In a campaign launch video aimed squarely at President Donald Trump, Sen. Kirsten Gillibrand (D., N.Y.) entered the 2020 presidential field on Sunday.
After a two-month exploratory committee phase marked by bad headlines and worse polling, Gillibrand officially joined the wide field of candidates battling for the White House. Pitting herself as "brave" and unafraid of progress, with the national anthem as a theme, Gillibrand released a somber video taking shots at Trump administration policies.
"Brave doesn't pit people against each other," Gillibrand intoned. "Brave doesn't put money over lives. Brave doesn't spread hate. Cloud truth. Build a wall. That's what fear does."
In another sign she's framing herself as the true anti-Trump candidate, Gillibrand's official launch speech will take place March 24 outside the Trump International Hotel in New York City. Other contenders, meanwhile, have sought to avoid talking about the president. Gillibrand has voted against Trump's nominees more than any other lawmaker.
Citing the United States going to the moon in her launch video, Gillibrand said such progressive goals as universal health care, paid family leave, gun control, passing a Green New Deal, and getting money out of politics are all possible.
One image showed a split-screen of hats, one bearing Trump's "Make America Great Again" slogan and the other reading "Equality," as voices in the video asked "will brave win?"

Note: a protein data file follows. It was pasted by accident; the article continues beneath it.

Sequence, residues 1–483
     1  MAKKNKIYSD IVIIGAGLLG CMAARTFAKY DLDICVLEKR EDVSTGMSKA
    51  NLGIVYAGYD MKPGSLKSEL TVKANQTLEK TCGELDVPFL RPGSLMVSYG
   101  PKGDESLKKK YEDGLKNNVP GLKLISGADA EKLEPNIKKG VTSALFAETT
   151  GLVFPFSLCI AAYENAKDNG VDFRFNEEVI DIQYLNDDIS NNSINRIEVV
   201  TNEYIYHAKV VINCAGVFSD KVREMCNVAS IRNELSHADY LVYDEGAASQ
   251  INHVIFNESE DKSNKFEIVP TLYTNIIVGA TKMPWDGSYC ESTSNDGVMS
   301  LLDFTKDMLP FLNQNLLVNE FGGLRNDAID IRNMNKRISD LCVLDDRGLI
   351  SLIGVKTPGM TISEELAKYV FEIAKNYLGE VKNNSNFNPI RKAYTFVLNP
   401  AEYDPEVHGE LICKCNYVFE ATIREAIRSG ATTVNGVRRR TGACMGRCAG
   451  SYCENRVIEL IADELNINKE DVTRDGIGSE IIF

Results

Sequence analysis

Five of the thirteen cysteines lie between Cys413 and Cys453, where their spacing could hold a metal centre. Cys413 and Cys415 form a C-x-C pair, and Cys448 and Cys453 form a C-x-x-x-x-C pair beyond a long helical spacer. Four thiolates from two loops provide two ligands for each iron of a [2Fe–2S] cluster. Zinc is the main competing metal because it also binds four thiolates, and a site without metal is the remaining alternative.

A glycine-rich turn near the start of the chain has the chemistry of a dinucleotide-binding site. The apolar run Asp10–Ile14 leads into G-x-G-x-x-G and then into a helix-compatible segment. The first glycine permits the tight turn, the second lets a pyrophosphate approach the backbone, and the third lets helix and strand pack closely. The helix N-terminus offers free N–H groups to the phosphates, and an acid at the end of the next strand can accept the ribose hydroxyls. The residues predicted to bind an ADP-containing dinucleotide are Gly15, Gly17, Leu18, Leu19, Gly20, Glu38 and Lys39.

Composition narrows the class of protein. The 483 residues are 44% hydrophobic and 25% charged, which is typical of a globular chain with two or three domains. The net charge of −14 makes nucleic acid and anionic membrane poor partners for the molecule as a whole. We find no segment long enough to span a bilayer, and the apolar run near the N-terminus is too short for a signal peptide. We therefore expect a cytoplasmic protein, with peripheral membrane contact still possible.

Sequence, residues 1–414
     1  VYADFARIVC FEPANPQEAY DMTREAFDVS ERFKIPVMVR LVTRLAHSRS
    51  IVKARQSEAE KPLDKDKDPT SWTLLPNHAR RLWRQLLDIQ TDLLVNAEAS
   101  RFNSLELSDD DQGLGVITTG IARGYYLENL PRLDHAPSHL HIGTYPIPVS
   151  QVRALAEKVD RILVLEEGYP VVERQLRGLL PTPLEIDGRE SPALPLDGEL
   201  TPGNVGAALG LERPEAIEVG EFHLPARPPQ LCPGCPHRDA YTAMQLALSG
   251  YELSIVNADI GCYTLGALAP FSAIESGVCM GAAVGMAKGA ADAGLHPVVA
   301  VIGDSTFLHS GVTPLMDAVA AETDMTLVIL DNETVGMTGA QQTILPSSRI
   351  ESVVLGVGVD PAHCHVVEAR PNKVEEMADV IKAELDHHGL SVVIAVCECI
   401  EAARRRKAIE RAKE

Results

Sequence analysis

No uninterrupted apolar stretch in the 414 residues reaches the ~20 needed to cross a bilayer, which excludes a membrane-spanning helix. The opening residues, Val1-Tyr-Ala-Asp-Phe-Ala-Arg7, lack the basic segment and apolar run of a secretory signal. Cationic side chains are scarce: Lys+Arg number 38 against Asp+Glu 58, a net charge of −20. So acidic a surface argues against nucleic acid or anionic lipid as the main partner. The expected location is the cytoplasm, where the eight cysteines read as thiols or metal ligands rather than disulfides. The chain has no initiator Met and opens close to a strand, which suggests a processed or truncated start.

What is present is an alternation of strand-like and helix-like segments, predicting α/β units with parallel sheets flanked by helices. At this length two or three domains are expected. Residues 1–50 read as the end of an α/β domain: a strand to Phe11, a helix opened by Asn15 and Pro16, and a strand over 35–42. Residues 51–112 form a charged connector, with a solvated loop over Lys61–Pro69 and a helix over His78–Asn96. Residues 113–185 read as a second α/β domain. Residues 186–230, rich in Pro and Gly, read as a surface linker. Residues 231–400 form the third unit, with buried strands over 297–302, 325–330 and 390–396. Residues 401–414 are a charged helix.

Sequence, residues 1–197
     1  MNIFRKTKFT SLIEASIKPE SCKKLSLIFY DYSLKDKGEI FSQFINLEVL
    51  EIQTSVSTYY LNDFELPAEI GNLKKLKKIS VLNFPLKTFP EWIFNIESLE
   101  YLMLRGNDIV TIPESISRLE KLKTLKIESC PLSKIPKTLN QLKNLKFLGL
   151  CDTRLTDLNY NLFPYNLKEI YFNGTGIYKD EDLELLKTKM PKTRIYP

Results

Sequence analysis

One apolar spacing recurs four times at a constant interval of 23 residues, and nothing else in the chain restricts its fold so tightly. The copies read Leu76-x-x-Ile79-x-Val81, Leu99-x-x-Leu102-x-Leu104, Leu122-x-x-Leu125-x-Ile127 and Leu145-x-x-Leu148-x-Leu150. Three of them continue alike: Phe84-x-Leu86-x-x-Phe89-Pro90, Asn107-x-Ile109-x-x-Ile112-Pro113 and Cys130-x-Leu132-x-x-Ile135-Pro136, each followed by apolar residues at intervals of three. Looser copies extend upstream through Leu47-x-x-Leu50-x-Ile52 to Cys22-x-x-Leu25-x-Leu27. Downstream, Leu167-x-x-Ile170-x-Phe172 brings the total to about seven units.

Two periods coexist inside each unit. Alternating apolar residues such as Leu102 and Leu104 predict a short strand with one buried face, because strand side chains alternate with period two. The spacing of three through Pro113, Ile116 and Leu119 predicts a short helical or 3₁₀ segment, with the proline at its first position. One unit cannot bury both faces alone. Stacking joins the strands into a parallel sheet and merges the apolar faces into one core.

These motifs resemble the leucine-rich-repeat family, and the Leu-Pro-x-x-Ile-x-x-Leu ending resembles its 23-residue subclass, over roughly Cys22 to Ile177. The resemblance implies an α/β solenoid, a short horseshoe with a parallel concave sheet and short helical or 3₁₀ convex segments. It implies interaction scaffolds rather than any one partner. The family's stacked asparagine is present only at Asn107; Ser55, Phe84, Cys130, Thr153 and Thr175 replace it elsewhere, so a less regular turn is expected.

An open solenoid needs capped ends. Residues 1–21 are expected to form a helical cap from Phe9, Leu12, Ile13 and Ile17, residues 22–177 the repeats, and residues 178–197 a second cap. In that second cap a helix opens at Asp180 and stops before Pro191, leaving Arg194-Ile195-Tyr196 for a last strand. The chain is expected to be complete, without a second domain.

Gillibrand won't if her campaign, which has focused on women's issues, remains stuck in the mud. Her highlights during the exploratory phase for the presidency were numerous:
She held hands with Stephen Colbert as she announced the formation of her exploratory committee.
Two New York newspaper editorial boards slammed her for misleading voters about her White House aspirations when she campaigned for re-election in 2018.
A woman scooted past Gillibrand in order to get ranch dressing while she campaigned in Iowa City.
She pronounced herself willing to remove parts of the existing border barriers.
She didn't secure the endorsement of a single member of New York's 21-member congressional delegation. Even former Rep. John Delaney (D., Md.) got the support of one Maryland House member.
She canceled a South Carolina campaign event less than half an hour before it was set to begin.
She finished third among New York politicians in a poll of Empire State voters for president, behind Gov. Andrew Cuomo (D.), who said he isn't running, and New York City Mayor Michael Bloomberg, who eventually decided not to run. She finished just ahead of Rep. Alexandria Ocasio-Cortez (D., N.Y.), who is too young to run.
An Iowa poll showed Gillibrand as the first choice of zero people out of 401 likely Democratic caucus voters—she also trailed entrepreneur Andrew Yang nationally in another survey.
A staffer quit last summer over how Gillibrand's office handled a sexual harassment complaint against longtime aide Abbas Malik, and the staunch #MeToo advocate didn't fire him until this month when Politico handed over evidence of additional wrongdoing.
A co-host of a recent, ritzy Beverly Hills fundraiser for Gillibrand was charged in the massive college admissions scam that included actresses Felicity Huffman and Lori Loughlin.
She joins a huge field currently being led in polls by Sens. Bernie Sanders (I., Vt.), Kamala Harris (D., Calif.), Elizabeth Warren (D., Mass.), and former Rep. Beto O'Rourke (D., Texas), with former Vice President Joe Biden considering entering the race as well.
MSNBC's Chris Hayes will interview Gillibrand on Monday for a town hall.